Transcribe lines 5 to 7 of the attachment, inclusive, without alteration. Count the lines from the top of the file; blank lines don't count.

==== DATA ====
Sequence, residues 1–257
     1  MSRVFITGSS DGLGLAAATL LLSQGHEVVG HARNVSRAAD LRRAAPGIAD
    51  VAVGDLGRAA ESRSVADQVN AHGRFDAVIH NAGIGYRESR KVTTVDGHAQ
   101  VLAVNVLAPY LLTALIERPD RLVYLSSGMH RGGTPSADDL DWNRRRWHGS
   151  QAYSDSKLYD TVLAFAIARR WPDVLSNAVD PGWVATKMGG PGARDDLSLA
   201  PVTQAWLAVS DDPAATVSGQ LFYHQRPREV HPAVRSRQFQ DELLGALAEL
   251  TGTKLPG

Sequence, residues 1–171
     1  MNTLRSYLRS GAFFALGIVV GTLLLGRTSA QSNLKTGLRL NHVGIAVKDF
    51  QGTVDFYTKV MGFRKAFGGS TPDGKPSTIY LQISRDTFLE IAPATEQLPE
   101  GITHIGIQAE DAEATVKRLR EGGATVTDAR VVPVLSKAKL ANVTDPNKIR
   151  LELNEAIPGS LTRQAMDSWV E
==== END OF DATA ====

   151  QAYSDSKLYD TVLAFAIARR WPDVLSNAVD PGWVATKMGG PGARDDLSLA
   201  PVTQAWLAVS DDPAATVSGQ LFYHQRPREV HPAVRSRQFQ DELLGALAEL
   251  TGTKLPG